The Limitation Act 1980 And Recovery Of Unpaid Solicitors’ Fees

Narayanasamy v Karim & Anor [2020] EWHC B22

When does the limitation period begin to run for the purpose of recovering unpaid fees?

In this case, in which the client’s former solicitor sought a detailed assessment of his unpaid fees, Master Leonard found that the contract of retainer between the solicitor and his former client had ended in April 2013 when the solicitor’s partnership was converted to a limited company and he ceased to practice in his own name.

Consequently, applying principles established by the Court of Appeal in the nineteenth century case of Coburn v Colledge [1897] 1 QB 702, it was determined that, despite the final bill not having been rendered until January 2014, any right to take legal action to recover payment for his legal services had been statute barred since the beginning of April 2019.

“In Coburn v Colledge [1897] 1 QB 702 the Court of Appeal found that a solicitor’s cause of action accrues as soon as the work for which payment is sought has been completed. The solicitor had argued that because statutory provisions (still in effect now, under the 1974 Act) prevented a solicitor from suing until after a month of delivery of a bill of costs, the limitation period would not start to run until that point. The consequence of that argument, Lopes L.J. observed, would be that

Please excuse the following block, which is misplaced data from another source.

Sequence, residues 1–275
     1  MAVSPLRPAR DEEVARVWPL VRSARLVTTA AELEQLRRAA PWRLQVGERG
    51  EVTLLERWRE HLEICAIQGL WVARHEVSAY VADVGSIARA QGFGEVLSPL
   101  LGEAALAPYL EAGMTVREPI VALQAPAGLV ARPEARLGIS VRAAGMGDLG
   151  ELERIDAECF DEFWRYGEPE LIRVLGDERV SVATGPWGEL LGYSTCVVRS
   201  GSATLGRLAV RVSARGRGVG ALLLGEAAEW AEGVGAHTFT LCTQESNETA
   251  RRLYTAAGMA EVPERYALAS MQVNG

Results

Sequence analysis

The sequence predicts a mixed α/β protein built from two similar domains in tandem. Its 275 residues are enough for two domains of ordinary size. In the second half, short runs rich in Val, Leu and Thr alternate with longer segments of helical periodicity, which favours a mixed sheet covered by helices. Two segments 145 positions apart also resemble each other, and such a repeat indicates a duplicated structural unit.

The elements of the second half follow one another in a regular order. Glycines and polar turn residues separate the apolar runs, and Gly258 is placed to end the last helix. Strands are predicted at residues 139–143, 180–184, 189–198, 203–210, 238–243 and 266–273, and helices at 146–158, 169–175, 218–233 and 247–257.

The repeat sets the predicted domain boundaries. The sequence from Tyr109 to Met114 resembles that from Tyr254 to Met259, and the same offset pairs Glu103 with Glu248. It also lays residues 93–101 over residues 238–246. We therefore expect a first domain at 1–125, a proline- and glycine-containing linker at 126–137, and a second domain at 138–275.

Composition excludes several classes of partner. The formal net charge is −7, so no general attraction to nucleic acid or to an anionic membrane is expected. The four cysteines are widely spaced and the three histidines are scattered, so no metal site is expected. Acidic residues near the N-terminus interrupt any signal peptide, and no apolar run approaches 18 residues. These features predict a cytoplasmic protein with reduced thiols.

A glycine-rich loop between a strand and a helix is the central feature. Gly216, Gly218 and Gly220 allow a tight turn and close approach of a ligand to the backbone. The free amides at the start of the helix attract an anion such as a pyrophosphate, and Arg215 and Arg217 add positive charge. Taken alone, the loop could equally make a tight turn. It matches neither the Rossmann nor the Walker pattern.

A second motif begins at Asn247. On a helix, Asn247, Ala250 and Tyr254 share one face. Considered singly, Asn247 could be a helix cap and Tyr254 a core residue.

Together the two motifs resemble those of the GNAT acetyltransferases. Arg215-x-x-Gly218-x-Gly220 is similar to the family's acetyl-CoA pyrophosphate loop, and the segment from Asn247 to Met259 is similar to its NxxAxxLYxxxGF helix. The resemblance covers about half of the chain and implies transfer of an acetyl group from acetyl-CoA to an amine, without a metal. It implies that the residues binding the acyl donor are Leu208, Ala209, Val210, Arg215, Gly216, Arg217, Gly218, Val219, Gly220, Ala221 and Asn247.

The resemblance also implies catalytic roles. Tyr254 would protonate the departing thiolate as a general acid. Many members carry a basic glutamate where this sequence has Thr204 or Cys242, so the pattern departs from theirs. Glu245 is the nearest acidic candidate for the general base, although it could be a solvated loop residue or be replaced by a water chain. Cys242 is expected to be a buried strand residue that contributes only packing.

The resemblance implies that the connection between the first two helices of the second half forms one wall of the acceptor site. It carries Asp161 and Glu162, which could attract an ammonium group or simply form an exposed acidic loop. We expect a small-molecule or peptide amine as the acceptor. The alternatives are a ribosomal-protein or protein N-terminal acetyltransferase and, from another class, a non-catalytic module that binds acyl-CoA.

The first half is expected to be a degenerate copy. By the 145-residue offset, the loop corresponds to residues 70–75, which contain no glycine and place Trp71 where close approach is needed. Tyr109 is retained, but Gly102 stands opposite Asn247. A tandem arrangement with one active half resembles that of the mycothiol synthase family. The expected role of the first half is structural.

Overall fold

“the solicitor may abstain from delivering his bill for twenty years, and then at the end of that time he may deliver it and sue after the expiration of a month from its delivery.”